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Nature Preserves Should Be Created to Prevent Future Houston Flooding, Judge Emmett Says

Ed Emmett

HOUSTON – (By Michelle Leigh Smith, Realty News Report) – Harris County Judge Ed Emmett believes state and local officials need to accelerate flood control measures, by building a third reservoir and transforming some of the Katy Prairie west of town into a nature preserve.

In his tenth annual State of the County Address sponsored by the Greater Houston Partnership, Emmett told a large crowd at NRG Center that Houstonians need to think differently about the waterways that brought destruction during Hurricane Harvey.

Emmett said he’s concerned that people around the country and world only perceive Houston and Harris County as a flood-prone swamp.

“We should turn a perceived vulnerability into an asset,” he said. “Our overriding vision should be to convert the area rivers, bayous, creeks and flood mitigation features into nature preserves or recreational and tourist areas. As County Judge, I might not have the power to bring all these proposals to fruition, but I can certainly be the loud voice making sure they are pursued and not forgotten. We should leverage and coordinate resources and planning at all levels – from federal to local, from Congress tall the way to the municipal utility districts.”

During his speech, he said there are many projects FEMA and the U.S. Army Corps of Engineers need to finish. He said the state could accomplish projects like building a third reservoir and creating a permanent nature preserve on the Katy Prairie, using some of the $10 billion from the “Rainy Day Fund.”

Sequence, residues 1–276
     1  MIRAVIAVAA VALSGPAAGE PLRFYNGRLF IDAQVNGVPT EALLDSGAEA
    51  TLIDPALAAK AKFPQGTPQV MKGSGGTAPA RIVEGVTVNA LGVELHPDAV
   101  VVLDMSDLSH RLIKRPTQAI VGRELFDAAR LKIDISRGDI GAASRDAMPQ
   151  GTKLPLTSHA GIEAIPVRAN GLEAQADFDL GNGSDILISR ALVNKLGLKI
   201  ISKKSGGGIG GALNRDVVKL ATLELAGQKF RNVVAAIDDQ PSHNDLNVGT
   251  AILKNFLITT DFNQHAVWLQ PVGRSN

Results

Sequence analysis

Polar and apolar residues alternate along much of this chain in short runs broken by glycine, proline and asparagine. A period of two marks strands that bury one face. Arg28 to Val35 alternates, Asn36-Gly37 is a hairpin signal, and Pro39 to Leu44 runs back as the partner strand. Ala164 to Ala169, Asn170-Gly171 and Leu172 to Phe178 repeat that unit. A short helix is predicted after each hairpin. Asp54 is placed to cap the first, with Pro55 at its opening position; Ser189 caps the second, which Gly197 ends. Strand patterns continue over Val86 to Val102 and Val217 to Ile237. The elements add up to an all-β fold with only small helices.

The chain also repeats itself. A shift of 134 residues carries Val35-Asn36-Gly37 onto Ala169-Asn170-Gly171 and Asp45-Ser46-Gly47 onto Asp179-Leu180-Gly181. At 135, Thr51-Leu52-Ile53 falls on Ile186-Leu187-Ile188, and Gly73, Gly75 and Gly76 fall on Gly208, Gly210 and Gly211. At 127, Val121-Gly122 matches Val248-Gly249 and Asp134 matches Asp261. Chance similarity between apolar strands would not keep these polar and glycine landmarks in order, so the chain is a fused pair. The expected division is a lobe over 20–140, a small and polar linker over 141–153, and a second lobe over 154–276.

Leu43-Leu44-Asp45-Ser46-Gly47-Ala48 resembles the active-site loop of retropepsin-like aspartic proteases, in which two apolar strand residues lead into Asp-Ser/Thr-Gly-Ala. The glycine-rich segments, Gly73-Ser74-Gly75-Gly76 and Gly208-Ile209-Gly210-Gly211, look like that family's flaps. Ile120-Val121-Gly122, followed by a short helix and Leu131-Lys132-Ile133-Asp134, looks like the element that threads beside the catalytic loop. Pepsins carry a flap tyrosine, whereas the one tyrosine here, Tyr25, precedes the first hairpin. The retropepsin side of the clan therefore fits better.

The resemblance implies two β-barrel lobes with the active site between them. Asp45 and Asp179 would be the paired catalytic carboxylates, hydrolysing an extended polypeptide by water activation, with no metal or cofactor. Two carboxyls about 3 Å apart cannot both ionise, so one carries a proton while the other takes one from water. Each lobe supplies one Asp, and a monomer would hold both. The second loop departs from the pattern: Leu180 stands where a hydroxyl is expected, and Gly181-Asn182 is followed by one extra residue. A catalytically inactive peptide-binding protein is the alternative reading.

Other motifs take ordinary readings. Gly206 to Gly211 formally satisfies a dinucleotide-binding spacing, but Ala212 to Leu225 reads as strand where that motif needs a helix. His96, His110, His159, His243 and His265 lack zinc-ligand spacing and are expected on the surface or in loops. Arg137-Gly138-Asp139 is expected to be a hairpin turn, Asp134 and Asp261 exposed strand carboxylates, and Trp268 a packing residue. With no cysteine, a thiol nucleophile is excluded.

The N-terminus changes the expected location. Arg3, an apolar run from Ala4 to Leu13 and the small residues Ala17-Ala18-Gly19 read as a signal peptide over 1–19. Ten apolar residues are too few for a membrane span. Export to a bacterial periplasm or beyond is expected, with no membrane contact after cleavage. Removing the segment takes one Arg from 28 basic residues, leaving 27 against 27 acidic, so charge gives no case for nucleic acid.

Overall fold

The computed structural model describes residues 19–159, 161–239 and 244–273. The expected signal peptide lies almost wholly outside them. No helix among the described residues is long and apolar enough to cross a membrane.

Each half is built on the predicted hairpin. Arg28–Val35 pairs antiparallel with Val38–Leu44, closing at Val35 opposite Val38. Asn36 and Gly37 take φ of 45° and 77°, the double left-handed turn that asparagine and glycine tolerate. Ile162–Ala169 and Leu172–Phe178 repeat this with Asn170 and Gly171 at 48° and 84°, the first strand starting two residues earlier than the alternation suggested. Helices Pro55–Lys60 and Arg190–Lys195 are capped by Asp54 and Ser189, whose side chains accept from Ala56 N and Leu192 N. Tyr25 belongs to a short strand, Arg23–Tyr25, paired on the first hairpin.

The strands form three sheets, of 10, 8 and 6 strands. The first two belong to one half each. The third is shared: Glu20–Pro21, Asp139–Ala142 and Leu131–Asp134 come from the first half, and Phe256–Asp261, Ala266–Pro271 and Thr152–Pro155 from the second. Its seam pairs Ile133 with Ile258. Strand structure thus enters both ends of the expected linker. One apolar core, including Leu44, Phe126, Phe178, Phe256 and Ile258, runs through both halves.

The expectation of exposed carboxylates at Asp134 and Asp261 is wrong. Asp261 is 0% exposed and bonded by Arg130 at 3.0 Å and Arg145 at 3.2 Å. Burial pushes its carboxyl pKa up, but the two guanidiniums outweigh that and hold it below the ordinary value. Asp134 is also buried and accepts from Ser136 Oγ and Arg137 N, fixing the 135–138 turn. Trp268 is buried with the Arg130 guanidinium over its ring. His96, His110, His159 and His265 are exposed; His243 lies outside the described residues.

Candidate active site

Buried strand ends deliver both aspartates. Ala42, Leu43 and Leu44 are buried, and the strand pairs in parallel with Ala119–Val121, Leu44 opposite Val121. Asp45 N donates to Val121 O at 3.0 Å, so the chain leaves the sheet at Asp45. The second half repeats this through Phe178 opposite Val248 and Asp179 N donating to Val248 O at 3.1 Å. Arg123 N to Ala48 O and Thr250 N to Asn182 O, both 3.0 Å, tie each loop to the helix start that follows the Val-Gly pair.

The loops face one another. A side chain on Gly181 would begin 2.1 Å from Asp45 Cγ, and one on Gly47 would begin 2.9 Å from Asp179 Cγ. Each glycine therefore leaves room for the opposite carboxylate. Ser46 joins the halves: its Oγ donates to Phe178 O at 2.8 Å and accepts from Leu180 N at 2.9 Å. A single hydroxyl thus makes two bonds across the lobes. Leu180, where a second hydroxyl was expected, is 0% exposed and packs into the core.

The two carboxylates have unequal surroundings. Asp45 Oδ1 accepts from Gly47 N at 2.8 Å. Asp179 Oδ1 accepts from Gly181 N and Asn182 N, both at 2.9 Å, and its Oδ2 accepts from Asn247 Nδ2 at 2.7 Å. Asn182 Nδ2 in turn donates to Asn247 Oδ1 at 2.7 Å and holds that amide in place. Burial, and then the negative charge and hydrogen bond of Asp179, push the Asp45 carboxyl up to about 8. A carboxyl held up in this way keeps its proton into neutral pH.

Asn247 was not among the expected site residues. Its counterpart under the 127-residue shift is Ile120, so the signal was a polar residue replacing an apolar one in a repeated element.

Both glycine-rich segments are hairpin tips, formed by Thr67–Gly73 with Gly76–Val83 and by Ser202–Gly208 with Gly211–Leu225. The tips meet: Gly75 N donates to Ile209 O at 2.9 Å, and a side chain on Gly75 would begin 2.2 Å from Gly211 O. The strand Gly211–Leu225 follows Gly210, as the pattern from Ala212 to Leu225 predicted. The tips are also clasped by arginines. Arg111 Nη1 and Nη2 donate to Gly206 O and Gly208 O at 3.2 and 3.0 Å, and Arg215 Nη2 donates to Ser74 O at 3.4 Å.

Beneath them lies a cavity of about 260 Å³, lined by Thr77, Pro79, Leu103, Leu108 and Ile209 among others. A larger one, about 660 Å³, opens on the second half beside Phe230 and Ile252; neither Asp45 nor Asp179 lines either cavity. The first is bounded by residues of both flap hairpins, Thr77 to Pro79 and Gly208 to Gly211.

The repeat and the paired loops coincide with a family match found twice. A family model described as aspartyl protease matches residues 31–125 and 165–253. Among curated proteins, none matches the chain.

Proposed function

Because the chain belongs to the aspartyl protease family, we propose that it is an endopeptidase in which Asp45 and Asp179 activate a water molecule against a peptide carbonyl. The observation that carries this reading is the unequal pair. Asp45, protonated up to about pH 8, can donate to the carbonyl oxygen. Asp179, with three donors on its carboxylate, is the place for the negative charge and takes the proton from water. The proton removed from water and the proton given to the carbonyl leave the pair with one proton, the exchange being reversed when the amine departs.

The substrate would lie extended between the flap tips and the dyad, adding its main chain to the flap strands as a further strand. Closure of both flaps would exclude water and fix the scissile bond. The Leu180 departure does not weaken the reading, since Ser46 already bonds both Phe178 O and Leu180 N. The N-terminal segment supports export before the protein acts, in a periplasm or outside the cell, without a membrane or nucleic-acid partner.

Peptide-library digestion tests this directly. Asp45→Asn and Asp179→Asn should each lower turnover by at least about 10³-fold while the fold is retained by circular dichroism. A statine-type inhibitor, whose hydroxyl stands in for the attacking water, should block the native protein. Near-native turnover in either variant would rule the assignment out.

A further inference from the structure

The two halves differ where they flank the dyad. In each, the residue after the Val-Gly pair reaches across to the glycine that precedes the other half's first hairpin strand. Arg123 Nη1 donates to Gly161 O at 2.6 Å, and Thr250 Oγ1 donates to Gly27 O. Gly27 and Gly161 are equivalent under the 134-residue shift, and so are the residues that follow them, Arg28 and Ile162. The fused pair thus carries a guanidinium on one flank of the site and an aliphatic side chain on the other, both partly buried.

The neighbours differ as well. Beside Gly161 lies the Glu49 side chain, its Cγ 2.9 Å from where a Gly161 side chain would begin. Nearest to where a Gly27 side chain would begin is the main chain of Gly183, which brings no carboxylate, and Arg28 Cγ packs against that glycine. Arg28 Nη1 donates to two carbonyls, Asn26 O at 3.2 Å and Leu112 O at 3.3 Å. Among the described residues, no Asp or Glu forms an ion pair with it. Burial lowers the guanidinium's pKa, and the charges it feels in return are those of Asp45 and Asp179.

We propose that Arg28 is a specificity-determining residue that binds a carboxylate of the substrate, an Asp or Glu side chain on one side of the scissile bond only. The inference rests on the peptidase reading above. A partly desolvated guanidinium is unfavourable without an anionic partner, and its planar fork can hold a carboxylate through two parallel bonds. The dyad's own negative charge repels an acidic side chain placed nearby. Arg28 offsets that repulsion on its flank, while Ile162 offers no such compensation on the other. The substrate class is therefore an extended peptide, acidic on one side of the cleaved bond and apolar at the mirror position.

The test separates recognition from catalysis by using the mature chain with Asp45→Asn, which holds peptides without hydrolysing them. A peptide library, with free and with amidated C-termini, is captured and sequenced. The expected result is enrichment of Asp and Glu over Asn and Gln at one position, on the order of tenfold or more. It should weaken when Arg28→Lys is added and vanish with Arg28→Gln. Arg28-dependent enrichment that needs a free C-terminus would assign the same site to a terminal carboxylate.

He suggested converting Lake Houston and Lake Conroe into a flood control facility in addition to a water supply. The existing Barker and Addicks reservoirs were forced to make major water releases following the hurricane, prompting experts to call for building another flood control reservoir.

Harris County taxpayers will be asked to fund a specific list of flood control projects through a bond. He said he believes it could be more than $1 billion worth in projects.

Emmett said it wouldn’t be until 2018 that a bond package would go before voters, but he said he wants it to be very clear what they’re asking for before it heads to the taxpayers.

“I know we’re looking over a billion dollars, probably two, maybe more, but people want us to do something and for them to vote for it they’re going to need to know exactly what they’re voting for,” said Emmett.

“Harris County has low taxes and exemplary financial ratings, but some state officials want more restrictions on our ability to meet the needs of our residents,” Emmett said. “Those same state leaders have shifted the public school tax burden more and more from the state onto local school districts. In an effort to stir up voters, they attack counties and other local governments, all the while offering no real solutions. Organizations like the GHP should say, “’Enough is enough. I urge you to support vision, not pandering.’”

Emmett, 68, became county judge on March 6, 2007. He is expected to run again next year. He suffered a mild stroke in August, but worked long hours and made numerous TV appearances during Hurricane Harvey press conferences.

A graduate of Bellaire High School and Rice University, Emmett served in the Texas House of Representatives for four terms, beginning in 1978.

Emmett, who spearheaded an effort to preserve and redevelop the Astrodome, was named 2016 Houstonian of the Year by Realty News Report.

Emmett was introduced at the NRG event by outgoing Texas Speaker of the House Joe Strauss.

Nov. 29, 2017 Realty News Report Copyright 2017

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